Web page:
Immune Response Linked to Brain Damage Leading to 'Long COVID' | Coronavirus


Immune response believed to be linked to brain damage leading to “long COVID” | Coronavirus

Researchers have found antibodies in dead people that cause damage to the walls of blood vessels.

Immune response to COVID-19, which damages blood vessels in the brain, may be responsible for 'long COVID' symptoms, according to study based on low case counts and published Tuesday by American researchers.

The brains of nine people who died soon after contracting COVID-19 were studied for this article published in the journal Brain.

The team of researchers from the American Institutes of Health (NIH) did not detect traces of virus in the brain but, conversely, antibodies, causing damage to the walls of the vessels blood which cause inflammation in particular.

This discovery could explain some of the lasting effects of COVID-19, such as migraines, chronic fatigue, loss of taste and smell, sleep problems or even the feeling of brain fog, a state of fatigue intellectual.

It could also open up avenues for future treatments.

Patients often develop neurological complications with COVID-19, but the associated pathophysiological process is not well understood, Avindra Nath, the study's first author, explained in a press release.

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“We had already shown the damage to blood vessels on the brains of patients during autopsies, but we did not understand what caused this.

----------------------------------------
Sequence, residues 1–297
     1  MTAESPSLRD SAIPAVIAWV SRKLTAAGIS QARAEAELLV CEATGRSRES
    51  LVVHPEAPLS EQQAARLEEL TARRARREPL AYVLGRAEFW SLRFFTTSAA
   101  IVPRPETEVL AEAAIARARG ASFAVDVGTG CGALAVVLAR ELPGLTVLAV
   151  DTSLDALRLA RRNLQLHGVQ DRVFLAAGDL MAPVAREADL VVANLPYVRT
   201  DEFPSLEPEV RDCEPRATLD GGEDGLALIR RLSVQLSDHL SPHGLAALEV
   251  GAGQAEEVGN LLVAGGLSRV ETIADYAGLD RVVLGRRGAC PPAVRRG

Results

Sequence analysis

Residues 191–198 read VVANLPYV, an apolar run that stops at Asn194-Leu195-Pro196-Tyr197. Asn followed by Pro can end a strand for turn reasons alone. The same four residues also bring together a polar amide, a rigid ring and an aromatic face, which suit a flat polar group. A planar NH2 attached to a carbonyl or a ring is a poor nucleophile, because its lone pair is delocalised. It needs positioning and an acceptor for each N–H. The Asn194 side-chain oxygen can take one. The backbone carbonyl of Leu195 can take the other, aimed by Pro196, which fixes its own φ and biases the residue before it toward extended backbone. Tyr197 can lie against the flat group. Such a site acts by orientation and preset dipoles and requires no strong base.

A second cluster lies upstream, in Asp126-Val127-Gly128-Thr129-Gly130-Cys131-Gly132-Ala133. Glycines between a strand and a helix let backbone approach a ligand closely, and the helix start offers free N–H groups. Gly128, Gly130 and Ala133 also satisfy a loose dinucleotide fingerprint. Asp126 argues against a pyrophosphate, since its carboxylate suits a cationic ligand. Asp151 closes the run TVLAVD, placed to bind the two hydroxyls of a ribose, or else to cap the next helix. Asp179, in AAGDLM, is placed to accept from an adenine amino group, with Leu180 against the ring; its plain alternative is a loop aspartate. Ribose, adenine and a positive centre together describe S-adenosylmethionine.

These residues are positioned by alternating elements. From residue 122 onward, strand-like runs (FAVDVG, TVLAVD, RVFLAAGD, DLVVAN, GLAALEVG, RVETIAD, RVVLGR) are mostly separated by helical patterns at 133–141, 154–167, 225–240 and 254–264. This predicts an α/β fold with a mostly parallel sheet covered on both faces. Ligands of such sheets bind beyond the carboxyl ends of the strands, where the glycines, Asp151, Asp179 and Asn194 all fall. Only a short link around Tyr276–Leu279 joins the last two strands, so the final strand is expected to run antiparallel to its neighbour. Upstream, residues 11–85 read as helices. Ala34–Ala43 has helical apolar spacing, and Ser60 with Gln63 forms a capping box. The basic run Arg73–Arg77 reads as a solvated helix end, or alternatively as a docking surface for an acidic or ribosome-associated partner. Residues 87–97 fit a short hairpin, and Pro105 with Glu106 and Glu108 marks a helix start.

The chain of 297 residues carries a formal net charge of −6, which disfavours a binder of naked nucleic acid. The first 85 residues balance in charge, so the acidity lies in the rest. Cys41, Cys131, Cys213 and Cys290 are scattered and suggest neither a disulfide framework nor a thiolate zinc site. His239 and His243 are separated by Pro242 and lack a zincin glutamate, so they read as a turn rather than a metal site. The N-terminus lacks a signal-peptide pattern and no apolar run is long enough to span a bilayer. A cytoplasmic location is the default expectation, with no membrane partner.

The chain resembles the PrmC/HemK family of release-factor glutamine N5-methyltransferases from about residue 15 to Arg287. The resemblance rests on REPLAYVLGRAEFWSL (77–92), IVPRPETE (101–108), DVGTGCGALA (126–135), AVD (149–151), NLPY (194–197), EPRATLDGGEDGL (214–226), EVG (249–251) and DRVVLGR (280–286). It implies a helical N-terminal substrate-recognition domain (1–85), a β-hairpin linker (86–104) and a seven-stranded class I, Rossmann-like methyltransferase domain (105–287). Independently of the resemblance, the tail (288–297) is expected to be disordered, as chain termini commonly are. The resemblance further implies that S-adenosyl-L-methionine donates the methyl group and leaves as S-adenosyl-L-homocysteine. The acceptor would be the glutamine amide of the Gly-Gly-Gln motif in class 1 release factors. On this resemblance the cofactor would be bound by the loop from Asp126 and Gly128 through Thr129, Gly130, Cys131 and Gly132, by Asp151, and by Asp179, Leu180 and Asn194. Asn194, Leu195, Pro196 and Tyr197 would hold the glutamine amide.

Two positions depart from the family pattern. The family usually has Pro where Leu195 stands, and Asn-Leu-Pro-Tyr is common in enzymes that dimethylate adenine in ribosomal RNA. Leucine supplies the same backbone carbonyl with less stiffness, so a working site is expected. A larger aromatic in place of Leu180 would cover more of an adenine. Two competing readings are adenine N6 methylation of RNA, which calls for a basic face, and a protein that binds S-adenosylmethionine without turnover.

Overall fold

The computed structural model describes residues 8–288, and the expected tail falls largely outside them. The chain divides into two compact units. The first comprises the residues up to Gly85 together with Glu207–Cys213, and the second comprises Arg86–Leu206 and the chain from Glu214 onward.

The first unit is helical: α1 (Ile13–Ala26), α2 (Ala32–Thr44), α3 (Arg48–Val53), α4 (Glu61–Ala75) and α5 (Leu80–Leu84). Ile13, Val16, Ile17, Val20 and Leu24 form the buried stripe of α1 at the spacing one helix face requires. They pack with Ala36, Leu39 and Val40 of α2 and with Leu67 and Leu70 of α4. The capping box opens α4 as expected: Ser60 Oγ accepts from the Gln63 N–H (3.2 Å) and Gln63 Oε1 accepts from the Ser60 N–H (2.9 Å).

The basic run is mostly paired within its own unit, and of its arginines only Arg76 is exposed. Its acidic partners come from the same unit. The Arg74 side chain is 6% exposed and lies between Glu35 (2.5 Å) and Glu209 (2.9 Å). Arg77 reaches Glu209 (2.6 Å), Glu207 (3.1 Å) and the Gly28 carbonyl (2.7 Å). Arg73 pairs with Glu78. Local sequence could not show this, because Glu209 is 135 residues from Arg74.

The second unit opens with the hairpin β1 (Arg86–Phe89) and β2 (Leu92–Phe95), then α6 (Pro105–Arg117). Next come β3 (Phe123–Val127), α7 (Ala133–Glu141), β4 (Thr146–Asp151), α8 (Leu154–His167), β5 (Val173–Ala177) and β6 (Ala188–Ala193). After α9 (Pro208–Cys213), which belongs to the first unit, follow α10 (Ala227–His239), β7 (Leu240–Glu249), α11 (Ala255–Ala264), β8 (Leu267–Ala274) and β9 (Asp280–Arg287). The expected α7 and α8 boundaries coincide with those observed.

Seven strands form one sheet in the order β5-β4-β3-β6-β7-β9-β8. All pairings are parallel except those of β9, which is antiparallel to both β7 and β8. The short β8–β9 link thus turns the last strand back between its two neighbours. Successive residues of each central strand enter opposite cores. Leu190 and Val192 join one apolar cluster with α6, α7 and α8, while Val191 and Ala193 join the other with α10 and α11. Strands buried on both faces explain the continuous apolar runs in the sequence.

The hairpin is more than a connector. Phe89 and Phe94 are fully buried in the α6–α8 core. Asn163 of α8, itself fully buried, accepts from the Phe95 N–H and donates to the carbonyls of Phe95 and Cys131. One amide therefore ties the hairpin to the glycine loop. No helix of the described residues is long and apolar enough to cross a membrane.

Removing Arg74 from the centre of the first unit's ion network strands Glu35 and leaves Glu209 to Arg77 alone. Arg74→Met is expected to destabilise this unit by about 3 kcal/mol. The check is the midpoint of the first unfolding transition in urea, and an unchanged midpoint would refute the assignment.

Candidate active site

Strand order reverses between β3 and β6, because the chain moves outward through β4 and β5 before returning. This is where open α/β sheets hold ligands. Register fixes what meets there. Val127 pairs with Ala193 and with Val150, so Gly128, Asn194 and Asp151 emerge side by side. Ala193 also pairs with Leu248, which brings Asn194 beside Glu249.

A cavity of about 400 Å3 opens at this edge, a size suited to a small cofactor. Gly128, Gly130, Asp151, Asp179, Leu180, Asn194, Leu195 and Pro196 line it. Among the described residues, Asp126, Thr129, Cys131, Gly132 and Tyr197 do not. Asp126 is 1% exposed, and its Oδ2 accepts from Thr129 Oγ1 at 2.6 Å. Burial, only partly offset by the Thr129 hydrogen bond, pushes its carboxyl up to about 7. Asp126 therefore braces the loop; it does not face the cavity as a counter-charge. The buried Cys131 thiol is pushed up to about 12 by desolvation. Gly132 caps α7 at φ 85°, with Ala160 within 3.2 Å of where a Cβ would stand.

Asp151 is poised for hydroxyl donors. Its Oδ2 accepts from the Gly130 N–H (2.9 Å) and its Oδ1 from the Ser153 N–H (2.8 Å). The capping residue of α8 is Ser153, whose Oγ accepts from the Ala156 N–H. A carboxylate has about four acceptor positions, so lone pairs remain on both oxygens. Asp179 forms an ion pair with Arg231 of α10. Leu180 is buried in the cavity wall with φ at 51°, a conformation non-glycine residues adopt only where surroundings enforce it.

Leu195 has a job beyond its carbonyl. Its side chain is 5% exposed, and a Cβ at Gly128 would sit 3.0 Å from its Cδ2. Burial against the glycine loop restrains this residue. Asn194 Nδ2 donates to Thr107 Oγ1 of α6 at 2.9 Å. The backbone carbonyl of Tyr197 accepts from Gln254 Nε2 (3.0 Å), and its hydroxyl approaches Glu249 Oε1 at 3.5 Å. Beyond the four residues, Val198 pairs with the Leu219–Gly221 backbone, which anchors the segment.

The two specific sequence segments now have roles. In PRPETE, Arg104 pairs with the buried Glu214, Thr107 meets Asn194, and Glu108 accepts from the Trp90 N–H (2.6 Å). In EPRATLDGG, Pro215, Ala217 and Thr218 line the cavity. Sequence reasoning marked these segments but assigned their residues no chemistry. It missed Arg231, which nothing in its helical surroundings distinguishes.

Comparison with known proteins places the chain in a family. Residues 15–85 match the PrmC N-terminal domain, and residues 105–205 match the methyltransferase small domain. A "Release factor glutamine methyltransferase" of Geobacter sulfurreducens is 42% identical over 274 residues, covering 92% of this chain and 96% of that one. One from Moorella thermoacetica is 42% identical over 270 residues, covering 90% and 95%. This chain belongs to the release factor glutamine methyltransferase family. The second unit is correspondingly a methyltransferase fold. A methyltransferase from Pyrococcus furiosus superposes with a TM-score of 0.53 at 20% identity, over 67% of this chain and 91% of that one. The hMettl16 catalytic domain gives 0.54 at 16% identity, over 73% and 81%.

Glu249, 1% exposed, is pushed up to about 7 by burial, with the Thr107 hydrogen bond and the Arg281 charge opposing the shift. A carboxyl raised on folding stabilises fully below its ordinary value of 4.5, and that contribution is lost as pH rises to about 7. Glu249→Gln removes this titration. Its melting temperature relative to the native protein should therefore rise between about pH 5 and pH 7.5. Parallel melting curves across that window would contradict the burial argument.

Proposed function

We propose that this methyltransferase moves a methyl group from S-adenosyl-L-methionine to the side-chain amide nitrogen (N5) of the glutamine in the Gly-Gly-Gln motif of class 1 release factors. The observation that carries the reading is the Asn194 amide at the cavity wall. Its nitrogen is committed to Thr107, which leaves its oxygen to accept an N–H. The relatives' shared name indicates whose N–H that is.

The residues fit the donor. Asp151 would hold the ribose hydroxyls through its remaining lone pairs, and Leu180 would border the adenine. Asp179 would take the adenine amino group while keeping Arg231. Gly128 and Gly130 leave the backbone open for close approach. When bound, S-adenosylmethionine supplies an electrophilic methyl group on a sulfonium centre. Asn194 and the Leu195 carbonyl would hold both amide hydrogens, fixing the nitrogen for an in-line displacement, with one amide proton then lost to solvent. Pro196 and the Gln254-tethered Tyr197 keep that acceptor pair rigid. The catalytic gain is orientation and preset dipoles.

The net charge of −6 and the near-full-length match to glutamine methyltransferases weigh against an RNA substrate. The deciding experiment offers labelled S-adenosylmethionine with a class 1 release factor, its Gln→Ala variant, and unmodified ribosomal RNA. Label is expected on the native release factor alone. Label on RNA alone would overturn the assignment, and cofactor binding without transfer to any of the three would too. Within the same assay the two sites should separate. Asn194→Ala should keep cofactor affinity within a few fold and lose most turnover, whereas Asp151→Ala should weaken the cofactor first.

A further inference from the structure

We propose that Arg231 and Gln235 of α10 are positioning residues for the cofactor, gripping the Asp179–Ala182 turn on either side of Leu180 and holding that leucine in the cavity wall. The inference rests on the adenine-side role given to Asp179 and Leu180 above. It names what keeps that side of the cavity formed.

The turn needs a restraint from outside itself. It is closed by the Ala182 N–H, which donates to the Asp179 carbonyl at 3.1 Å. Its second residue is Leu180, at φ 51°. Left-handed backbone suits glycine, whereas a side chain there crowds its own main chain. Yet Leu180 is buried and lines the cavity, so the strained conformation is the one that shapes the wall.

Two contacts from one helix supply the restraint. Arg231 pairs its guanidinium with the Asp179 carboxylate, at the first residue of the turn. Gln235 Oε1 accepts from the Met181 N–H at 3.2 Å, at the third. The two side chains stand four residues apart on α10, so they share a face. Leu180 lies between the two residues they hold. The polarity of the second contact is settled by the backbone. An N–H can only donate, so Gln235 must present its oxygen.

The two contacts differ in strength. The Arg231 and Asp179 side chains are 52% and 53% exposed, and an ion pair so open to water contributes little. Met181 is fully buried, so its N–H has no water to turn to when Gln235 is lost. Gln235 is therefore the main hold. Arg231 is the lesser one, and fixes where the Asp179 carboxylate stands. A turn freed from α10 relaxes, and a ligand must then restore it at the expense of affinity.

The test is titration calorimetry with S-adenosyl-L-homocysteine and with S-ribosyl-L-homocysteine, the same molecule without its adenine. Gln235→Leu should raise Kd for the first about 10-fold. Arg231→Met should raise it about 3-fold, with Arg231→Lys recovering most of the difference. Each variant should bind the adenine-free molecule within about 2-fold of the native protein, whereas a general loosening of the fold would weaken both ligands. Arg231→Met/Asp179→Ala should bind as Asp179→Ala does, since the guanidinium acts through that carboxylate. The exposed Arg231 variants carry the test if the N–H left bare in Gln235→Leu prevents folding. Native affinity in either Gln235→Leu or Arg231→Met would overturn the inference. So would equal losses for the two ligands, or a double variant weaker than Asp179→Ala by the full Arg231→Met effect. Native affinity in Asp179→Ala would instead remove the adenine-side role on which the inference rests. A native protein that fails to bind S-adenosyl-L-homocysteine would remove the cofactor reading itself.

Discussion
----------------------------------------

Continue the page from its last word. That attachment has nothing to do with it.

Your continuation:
— Avindra Nath, first author of the study

I think with this article we have new insights into this process, a- he added.

The brains of the nine patients, aged 24 to 73, were compared with 10 others from a control group. Here, researchers observed neuronal inflammation and the immune response.

Scientists found that antibodies produced in response to COVID-19 targeted – for mistake – the cells that make up the blood-brain barrier, a structure that surrounds blood vessels in the brain and tries to block foreign substances.

The breakdown thus caused can in turn lead to protein leaks, bleeding and blood clots, which increases the risk of stroke.

A leakage can also trigger an immune response to repair damaged cells, which causes inflammation.

The biological functioning of these affected parts of the brain is thus disrupted.

“It is entirely possible that the same immune response affects patients with "Long COVID", causing brain injury.

—Avindra Nath, first author of the study

These findings therefore have very important therapeutic implications, he says.

Treatment for these forms of “long COVID” could, for example, limit the production of the antibodies that cause brain damage.


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